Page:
Helping the NHS test for COVID-19

A day in the life of Clare Duchars, a travel specialist nurse helping to support the NHS COVID-19 testing scheme.

I’ve been a nurse since 1985 and in the last eight years I’ve specialised in travel health, most recently as the Regional Operations Manager for MASTA in the North. A typical day involves travelling to one of the MASTA clinics, covering for travel advisors or teaching new recruits about travel health. When COVID-19 hit, we had to close our clinics. The nurses were furloughed and when I’d helped with that process, it was furlough for me too. I’ve worked since I was 16 and it was strange adjusting, so I was glad when my employers suggested I volunteer to be part of the NHS COVID-19 testing scheme. After completing my training in a park and ride facility in Leeds, I am now training other volunteers to carry out COVID-19 tests. It’s good to be doing something and even better to contribute in a small way to the fight against the pandemic.

6.30am: I have a bowl of porridge before leaving the house. You can’t just snack when you’re wearing full PPE so it’s important to fill myself up until lunchtime. I also drink lots of water on the way to the testing site because again, I can’t just nip for a drink whenever I feel like it, and it’s important to stay hydrated when you’re wearing a mask all day.

8.30am: I arrive on site, have a quick team chat with the other trainers and get the training area set up. We make sure handouts are ready and all the relevant social distancing measures are in place. I also use this time to refresh my memory on any new training processes.

9am: We introduce ourselves to the volunteers and them to us. The number of people we train can vary from six to 14. Most of them aren’t from a medical background so it’s interesting to hear what they’d normally be doing. We teach them the basics on infection control and demonstrate how to put on their PPE as well as wash and sanitise their hands. It feels good to teach others how to look after themselves and takes me back to the main principles of nursing.

10am: The volunteers practice putting on their PPE before we show them how to complete the test procedure. They then practice on each other and we observe them to make sure they’re doing it correctly.

11am: We head outside to the test cabins and call a car up. We introduce ourselves and explain that we’ll be taking a swab from the back of their throat and then putting the same swab up their nose. Some people are shocked by this, but most have read about what to expect. The volunteers watch us do this a couple of times and then have a go themselves. We stand beside them, make sure they feel comfortable and give feedback.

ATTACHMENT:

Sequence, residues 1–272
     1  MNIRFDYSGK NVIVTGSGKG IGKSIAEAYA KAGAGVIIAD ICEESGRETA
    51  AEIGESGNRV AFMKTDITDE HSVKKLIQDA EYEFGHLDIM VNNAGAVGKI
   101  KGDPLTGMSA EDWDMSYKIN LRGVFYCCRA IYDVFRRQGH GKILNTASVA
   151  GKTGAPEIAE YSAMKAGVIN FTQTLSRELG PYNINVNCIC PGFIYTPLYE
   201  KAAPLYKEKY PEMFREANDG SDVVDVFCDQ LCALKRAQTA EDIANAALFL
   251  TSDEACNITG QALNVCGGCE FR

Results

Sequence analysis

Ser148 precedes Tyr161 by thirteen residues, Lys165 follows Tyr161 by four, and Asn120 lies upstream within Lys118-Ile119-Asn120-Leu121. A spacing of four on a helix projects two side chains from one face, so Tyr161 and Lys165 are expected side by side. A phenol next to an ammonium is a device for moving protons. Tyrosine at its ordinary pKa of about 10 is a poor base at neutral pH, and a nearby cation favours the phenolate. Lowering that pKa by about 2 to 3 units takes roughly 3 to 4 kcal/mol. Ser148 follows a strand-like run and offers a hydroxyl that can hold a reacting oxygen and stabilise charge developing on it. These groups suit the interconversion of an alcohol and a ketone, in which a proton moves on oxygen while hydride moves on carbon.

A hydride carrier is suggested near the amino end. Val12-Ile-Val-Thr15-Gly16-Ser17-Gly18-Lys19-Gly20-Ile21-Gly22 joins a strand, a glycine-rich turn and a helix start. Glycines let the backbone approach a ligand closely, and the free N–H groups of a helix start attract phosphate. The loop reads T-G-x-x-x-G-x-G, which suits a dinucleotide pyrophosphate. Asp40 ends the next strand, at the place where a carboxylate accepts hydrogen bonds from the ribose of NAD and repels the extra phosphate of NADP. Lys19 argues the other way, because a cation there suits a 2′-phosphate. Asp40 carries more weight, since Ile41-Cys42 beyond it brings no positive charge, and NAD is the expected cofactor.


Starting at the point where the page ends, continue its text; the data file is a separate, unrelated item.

1pm: We all have lunch together. The atmosphere on site is great, we’re a big happy team including the security guards and cleaners. I’ve even had the opportunity to learn some Italian from one of the other volunteers in-between training and testing.

2pm: The afternoon is spent observing the new trainees and answering any questions they may have. It’s important to prepare them for most eventualities. Most people attending for testing are from the NHS, hoping for a negative result so that they can return to work.

3.30pm: We test a woman who has lost her elderly mother to the virus. She’s upset and nervous about being tested. We help to put her at ease, just as I’d do when someone has a vaccination. We discuss this before going home to make sure that the trainees are not emotionally affected by this situation.

5pm: We’re not allowed to wear a watch on site, so you completely lose track of time. When it’s time to head home, I take off my PPE and dispose of it in the cabin. I also take off my outer t-shirt and put it in a pillowcase in the boot of my car.

6.00pm: When I arrive home, I say a quick hello to my family, put the pillowcase along with the rest of my clothes in the washing machine and head for the shower.

6:30pm: I go for a walk with my son before dinner and then decide what to watch on Netflix. I receive a WhatsApp message to tell us how many people we tested today. I’ve also received messages from my MASTA team in our ‘See you on the other side’ WhatsApp group that make me laugh. I feel proud to be a part of both teams.